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Marian Pritchett High School Graduating to New Facility 

Advocates want to make sure the former Booth Home is preserved

Elizabeth Heist, recent graduate of Marian Pritchett High School and soon-to-be mother, is in the process of earning her CNA certification.

Patty Bowen

Elizabeth Heist, recent graduate of Marian Pritchett High School and soon-to-be mother, is in the process of earning her CNA certification.

The building at 1617 N. 24th St. is known to many Boiseans as the Booth Home. It was built by the Salvation Army in 1921 and initially served as a small hospital and home for unwed mothers. In 1963, it became a high school, and in 2002, it was renamed in honor of longtime instructor Marian Pritchett. It operates in a unique partnership between the Salvation Army and Boise Independent School District and has seen hundreds of girls—and a few boys—graduate.

"Being a parent and having a kid has made me look at more things with depth," said new graduate and father Austin Preston. "Everything I do, I want to make sure [my son] has what he needs."

Preston dropped out of school but, soon after learning he was going to be a father, opted to resume his studies at Marian Pritchett. Now that he has his diploma, Preston is planning to begin an apprenticeship to become an electrician.

Another recent graduate, Elizabeth Heist, is in the process of earning her CNA certification. She is due to give birth this summer.

"[When you become pregnant], you lose your friends, you lose your family members. They won't talk to you anymore, but it's kind of crazy," Heist said. "Just because this happened, it doesn't mean I'm any less of a person. It just means I have a different path than I thought I was going to have."

Heist's and Preston's class is among the last to graduate from the North End location of Marian Pritchett before the doors open on a new facility.

The Salvation Army is currently in the process of fundraising for the project, planned to get underway in September 2019 near Emerald Street and Maple Grove Road. The new school will expand the capacity of Marian Pritchett from around 50 students to 125, and from 80 to 100 newborns. The Salvation Army helps the school provide on-site child care for its students.

"The sky is really the limit for the new facility," said Salvation Army Boise Corps Officer Major Rhonda Lloyd. "We have big dreams for how we can serve the community."

The project is expected to cost $11 million, with $8.5 million raised by community fundraising—currently, the Salvation Army has pulled together $5.3 million. In order to break ground, Lloyd said they need to reach a $6.2 million threshold and, once they do, they will put the 24th Street building on the market.

"Of course, it's very difficult to leave that area, but we are not able to do what we need to do on that campus," said Lloyd. "The neighborhood has given feedback that indicates they do not want us to do some of the things typical for Salvation Army to do."

Those "typical" things include feeding and providing shelter for people in need.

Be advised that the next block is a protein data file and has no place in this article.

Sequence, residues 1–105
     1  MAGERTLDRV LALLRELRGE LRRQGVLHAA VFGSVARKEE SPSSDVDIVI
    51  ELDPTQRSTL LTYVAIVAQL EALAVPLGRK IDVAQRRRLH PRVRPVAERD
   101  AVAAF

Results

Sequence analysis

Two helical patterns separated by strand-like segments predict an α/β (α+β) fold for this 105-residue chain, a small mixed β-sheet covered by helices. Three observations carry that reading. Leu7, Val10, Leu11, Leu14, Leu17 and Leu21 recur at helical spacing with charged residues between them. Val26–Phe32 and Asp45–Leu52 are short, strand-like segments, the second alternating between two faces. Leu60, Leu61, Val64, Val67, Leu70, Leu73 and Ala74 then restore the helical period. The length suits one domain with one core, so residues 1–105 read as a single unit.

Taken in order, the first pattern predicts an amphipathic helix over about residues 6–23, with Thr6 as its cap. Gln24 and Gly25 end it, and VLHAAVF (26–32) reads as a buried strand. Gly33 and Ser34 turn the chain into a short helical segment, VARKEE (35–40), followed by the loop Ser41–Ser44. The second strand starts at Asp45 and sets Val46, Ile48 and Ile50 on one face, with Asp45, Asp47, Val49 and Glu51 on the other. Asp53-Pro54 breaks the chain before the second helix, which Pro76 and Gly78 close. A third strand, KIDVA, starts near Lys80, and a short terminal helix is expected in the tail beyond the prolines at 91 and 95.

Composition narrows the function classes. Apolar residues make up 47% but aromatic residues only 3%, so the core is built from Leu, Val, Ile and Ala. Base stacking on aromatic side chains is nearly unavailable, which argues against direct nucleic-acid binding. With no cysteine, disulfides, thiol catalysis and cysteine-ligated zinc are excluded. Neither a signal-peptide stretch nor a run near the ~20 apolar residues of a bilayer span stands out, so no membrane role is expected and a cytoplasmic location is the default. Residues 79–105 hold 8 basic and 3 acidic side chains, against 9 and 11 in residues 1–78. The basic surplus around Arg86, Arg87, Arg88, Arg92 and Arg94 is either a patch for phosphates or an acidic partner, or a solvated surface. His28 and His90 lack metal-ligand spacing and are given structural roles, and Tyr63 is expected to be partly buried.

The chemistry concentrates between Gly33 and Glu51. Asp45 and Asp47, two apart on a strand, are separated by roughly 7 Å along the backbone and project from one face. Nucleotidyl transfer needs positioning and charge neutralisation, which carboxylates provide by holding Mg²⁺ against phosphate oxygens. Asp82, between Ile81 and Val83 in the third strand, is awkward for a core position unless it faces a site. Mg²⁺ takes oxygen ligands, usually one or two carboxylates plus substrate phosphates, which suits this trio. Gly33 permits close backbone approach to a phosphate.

"We simply can't enlarge on that site, so, unfortunately, we are needing to sell the property to fund the next property to keep going," Lloyd said.

Meanwhile, some people are worried about preserving the historic 1921 building once the school moves. The board of the North End Neighborhood Association surveyed 215 citizens—the majority living in the North End—from January 30 to March 4, asking what kind of infrastructure they would like to see on the Marian Pritchett School lot. The data showed 82 percent of those surveyed believe the building should be preserved.

"We must begin planning now for how best to utilize the Site's potential," NENA stated in a letter to Lloyd, Boise Mayor Dave Bieter and members of the Boise City Council.

"Obviously, there is a strong desire in the community to preserve it," said NENA Board Member Stephen Miller. "What often happens in Boise is there will be a developer that comes in with a specific plan and, by the time that plan is generated, it is set in stone for the most part. We are trying to get ahead of that."

Lloyd said the Salvation Army is "not opposed" to the building becoming a historical landmark, but added, "We need to get every dollar we can out of that building to fund the next building."

"Every dollar we get goes back into the community and we simply do not have the funding to hold back that piece of property or to keep it going as a museum," she said.

In response to the letter, Bieter said the City Council "cannot sanction those processes or outcomes at this time, however once the property has been sold we will certainly advise the new owner that a cooperative engagement process with NENA will be the key to successful development. We appreciate NENA's interest in being involved in the planning process for this property. However, planning for private property cannot be a unilateral exercise that does not include the landowner. We have spoken with Salvation Army, and they have discussed that their intent at this time is to sell the property as it is currently zoned. Salvation Army has decided to leave the public planning process in the hands of the future buyer since they will no longer be the owner of this property."

Miller said NENA will be hosting a "visioning exercise" to open the discussion to more of the community in the next couple months. Interested individuals can contact the NENA at board@northendboise.org.

Regardless of the outcome of the valued property, Marian Pritchett head teacher and site administrator Deborah Hedden-Nicely said the original North End location will be missed.

"It's quiet. It's confidential to the students. This building—even though it is falling down—has great memories for all of us," she said. "It's non-institutional. The smallness, the intimacy—it will all be missed."


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